Water Softener Follow-Up Question

Last weekend, I got an education in how my salt-based water softener by the Nelsen Corporation works.
I need to know something: Can the clay in the holding tank ever get corrupted or ruined, so that it no longer interacts the way it should with the salt infusion?
I had posted because of the amount of scum in the brine tank. Is there any industry or chemical test that can find out if the clay in the holding tank is still good?
The trouble is that the tank is in my mom's home. A sister paid for the softener, and mom's of an age where she doesn't pay attention to maintenance issues any longer. It wasn't until about a year and a half after it was installed that I began to take care of it (cleaning out a brine tank so filthy I actually sold my own home and moved in with mom because it-- Well, it suggested mom needed more help than she was getting). I'm so afraid the length of time the brine tank remained so filthy somehow corrupted the holding tank.
I SHOULD point out, however, that during this time the brine tank was routinely filled with sufficient salt pellets. I did not know this when I posted last week, but family relatives have set me straight in the past seven days.
Thanks.
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Yes, but generaly it lasts for years. There are also conditioners available bt I don't know how well they really work.

All you hav to do is check the softness of the water. If it is soft, the resin in working properly, as is the rest of the system.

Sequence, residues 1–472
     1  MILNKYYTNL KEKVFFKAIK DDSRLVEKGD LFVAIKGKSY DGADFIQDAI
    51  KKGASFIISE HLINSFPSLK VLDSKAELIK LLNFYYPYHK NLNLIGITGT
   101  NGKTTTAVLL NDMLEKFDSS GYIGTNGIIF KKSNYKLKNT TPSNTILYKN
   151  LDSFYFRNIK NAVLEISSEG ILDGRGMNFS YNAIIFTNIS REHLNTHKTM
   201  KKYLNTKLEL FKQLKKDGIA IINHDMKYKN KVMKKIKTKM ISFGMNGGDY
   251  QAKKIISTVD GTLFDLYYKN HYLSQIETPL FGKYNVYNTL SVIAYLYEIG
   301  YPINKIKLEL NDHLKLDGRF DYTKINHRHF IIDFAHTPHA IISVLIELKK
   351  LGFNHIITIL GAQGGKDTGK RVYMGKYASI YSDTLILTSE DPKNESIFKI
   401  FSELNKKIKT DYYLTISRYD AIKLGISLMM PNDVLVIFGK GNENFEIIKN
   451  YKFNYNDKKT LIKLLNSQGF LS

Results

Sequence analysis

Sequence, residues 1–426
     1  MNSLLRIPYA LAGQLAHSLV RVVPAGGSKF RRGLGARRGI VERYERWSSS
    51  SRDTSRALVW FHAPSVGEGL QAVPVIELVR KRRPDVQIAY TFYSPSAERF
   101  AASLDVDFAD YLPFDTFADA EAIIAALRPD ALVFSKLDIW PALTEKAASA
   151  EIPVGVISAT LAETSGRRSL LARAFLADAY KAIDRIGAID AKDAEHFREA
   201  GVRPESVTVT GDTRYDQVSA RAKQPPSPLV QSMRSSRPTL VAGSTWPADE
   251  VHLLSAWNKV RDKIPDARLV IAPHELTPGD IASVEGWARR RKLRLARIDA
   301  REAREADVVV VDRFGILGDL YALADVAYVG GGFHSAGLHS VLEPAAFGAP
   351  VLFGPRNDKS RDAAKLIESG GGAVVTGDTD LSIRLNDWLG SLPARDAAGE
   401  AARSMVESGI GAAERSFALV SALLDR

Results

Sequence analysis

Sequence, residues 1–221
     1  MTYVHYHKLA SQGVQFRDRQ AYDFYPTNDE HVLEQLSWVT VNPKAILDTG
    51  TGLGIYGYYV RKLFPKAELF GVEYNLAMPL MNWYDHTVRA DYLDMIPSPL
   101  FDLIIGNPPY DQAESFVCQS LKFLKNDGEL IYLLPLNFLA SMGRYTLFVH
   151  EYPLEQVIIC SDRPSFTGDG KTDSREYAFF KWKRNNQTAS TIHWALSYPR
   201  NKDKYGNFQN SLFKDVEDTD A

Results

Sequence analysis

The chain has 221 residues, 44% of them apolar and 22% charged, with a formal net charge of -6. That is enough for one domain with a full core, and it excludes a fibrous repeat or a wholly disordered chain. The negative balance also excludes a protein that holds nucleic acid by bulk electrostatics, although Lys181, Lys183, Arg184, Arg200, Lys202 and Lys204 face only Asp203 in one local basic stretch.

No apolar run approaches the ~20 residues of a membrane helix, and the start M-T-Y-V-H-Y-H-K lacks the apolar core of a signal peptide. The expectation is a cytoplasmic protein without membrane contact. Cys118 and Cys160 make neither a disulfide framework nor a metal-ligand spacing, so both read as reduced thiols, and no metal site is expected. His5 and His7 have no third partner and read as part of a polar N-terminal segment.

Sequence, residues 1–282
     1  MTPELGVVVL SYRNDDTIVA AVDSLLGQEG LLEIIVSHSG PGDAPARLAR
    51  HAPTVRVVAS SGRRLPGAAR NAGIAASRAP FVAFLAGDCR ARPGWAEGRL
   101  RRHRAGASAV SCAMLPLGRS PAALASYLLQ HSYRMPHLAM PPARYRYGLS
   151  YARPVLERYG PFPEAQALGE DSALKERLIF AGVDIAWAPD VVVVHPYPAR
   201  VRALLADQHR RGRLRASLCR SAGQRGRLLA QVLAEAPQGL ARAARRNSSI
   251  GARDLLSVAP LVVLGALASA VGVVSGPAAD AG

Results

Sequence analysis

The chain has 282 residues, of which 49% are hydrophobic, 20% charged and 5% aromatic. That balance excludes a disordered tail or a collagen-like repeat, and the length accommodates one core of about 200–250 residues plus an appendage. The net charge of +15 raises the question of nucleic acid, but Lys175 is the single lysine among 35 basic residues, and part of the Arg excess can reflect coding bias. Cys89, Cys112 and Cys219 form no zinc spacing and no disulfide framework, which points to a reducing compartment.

We have a softener at work that treats between 10,000 and 12,000 gallons a day and uses a few of bags a salt a week. We clean the brine tank once a year. Nasty as it looks at times, the softener still does its thing. If it is still working, don't worry about it. Takes but a few seconds to test the water so do it once a week or so.
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Thanks again, Edwin. One FINAL (promise) question: where do you take your water, if you're a residential customer, to be tested?
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On 1/16/2005 6:27 AM US(ET), snipped-for-privacy@yahoo.com took fingers to keys, and typed the following:

may have a testing station in the large appliance section (where they sell the softeners). If they do, there will be one or two people who are trained to do the testing. You may be better off calling to get a day or time when that person is working, or due in to work. I had mine tested at my local Sears two different times, and with two different persons doing the testing, before I bought my softener. Both times, the readings came out the same, or pretty close to being the same.
--
Bill

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To test for softness, all you need is a $10 kit. put the water in a vial, put a few drops of solution, check the color. Water is either soft of hard in that test. That means it is either working or not working
You can get kits that tell the degree of hardness, but you don't really need that. If you want more thorough tests, any water treatment outfit can do it. Sears stores usually do it.
--
Ed
http://pages.cthome.net/edhome/



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